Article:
You love your baby and want them to have all the advantages in life. You can picture them excelling and leading the pack before they are even born. But when it comes to actual training, sometimes it’s difficult to know what is best.


What about baby talk? Should you ‘goo’ and ‘gah’ back to your baby when they chatter away?

Most experts say that imitating your baby from the beginning is validating to their emotions and encourages them to communicate. The back and forth of smiles, gestures and even those first sounds set the example for later conversation. And the higher pitched, exaggerated tone is thought to appeal even more to little ones, encouraging them to listen more intently.


The term parentese is now an accepted term to describe this slow and over enunciated  speech of adults toward children. Unlike baby talk, with its ‘widdle bayby’ and shoesy woozy, parentese uses real words just with different inflections. Hearing the different intonations is thought to be helpful as it clues babies in to understanding a sentence.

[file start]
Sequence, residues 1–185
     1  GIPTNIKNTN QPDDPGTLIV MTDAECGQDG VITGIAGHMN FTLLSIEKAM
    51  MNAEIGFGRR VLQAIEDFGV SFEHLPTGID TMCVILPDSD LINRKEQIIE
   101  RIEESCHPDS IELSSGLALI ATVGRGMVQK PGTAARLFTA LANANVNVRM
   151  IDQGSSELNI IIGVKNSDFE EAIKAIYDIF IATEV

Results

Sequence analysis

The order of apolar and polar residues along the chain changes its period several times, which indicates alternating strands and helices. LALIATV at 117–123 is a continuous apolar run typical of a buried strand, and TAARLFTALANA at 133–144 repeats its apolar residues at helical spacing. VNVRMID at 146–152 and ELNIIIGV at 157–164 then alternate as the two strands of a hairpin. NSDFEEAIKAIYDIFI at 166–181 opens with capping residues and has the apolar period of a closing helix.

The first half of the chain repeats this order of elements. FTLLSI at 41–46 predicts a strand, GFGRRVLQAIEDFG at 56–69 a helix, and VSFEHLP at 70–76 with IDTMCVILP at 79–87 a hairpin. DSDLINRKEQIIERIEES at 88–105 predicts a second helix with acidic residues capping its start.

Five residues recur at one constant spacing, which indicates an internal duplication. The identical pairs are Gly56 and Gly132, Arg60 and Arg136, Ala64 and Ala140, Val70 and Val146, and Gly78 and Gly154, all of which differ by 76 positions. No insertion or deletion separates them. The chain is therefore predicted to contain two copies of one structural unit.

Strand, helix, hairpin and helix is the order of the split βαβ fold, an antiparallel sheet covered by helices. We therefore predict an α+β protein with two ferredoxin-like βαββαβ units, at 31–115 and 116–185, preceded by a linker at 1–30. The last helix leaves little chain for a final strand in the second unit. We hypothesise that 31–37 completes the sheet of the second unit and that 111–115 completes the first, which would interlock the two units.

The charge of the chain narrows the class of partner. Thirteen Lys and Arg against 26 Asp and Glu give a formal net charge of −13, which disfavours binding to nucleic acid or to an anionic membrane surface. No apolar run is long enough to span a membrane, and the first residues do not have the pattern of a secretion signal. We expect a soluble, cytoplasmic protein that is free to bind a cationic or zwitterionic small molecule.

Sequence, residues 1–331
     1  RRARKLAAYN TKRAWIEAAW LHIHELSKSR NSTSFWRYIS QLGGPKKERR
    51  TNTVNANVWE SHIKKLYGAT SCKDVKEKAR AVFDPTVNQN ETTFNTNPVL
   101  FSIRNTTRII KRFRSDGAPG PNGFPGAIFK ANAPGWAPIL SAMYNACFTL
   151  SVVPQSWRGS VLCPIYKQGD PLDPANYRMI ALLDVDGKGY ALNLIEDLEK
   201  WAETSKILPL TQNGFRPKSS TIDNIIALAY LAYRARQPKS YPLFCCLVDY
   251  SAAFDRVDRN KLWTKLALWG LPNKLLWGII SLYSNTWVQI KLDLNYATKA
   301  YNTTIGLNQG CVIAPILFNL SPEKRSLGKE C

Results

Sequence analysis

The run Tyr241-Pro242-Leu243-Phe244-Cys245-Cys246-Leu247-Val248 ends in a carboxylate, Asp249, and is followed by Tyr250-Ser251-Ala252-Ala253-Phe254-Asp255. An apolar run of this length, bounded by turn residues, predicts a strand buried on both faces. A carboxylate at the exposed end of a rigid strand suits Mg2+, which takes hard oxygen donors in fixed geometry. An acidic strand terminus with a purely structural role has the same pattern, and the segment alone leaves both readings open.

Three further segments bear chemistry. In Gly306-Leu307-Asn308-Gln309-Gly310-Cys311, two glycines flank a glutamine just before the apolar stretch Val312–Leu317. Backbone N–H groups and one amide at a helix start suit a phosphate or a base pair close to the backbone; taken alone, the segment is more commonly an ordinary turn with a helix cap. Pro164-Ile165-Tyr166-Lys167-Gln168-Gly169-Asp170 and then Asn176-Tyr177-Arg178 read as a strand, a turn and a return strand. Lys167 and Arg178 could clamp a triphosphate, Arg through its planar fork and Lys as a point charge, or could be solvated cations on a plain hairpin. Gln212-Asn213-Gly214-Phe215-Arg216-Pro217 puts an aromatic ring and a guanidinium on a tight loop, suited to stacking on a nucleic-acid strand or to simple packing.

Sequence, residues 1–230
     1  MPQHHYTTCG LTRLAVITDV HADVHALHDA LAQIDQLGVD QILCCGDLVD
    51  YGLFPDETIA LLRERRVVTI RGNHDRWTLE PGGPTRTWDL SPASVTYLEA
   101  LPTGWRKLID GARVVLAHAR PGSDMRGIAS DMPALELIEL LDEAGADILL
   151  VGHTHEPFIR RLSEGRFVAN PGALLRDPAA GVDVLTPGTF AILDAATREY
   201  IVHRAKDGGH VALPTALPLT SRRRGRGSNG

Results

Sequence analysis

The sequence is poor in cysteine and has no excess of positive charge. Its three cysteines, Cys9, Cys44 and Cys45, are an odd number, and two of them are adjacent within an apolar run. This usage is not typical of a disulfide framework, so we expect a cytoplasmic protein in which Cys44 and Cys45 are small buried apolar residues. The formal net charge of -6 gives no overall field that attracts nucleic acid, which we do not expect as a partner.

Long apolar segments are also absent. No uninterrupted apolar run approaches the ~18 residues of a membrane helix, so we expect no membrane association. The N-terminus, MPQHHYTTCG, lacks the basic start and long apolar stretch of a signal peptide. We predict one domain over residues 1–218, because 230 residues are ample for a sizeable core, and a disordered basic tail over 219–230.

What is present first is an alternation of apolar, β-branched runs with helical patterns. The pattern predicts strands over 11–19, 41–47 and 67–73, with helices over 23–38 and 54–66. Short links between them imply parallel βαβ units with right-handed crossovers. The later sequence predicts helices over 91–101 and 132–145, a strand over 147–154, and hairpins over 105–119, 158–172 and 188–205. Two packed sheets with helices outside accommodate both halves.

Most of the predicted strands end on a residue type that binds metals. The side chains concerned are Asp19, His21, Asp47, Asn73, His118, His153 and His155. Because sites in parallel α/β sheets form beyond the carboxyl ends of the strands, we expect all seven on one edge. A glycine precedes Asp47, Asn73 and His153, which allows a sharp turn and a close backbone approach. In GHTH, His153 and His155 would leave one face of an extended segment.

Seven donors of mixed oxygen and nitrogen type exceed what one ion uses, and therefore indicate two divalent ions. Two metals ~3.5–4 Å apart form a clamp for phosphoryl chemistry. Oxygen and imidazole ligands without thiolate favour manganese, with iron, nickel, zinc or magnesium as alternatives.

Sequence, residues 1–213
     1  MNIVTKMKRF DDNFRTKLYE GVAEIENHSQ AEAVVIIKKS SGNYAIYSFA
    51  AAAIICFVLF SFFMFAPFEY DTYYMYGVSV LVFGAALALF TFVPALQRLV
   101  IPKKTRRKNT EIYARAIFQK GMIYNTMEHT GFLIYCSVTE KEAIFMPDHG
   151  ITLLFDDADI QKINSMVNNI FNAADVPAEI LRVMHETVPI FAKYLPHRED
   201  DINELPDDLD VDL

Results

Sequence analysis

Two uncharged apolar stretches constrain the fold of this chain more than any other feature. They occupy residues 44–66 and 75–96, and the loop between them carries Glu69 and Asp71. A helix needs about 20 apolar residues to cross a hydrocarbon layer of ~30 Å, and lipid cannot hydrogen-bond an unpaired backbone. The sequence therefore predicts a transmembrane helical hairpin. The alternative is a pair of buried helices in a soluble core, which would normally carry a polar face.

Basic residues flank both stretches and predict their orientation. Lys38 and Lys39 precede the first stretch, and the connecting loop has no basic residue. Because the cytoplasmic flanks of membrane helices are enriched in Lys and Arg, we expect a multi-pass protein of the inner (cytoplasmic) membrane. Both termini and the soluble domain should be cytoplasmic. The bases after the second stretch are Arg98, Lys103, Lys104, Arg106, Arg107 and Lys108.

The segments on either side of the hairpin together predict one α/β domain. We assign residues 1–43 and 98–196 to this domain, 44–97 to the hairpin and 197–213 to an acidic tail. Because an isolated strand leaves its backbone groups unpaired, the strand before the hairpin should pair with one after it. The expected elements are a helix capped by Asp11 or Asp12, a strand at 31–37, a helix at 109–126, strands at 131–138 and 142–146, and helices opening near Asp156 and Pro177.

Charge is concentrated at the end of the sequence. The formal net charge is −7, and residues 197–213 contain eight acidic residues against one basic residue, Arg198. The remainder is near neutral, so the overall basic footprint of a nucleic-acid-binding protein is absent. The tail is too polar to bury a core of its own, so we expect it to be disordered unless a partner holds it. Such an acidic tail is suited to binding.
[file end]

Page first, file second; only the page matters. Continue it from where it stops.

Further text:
Most cultures use some form of parentese, even sign language. Babies enjoy the sound of parentese and it is important to the development of their speech. For babies, listening to their own language is like an adult learning a foreign language where it's difficult to know where one word ends and another begins. Parentese aids in differentiating separate words to little ears.


The problem comes when parents make up fake words. These are words that often have an extra 'y' sound tacked on to the end. They are not known to help in language development and could possible hinder it. Children then need to learn the real word along with the parents 'cute sounding' alternative.

Talking in full, grammatically proper sentences is also shown to help speech development and earlier understanding. Focusing on communication when your baby is young encourages development in reading, writing, and interpersonal skills later in life.


In conclusion: The more conversations you have with your baby, the better. Just steer clear of nonsense words. Parentese is actually a valid and beneficial tool for communication.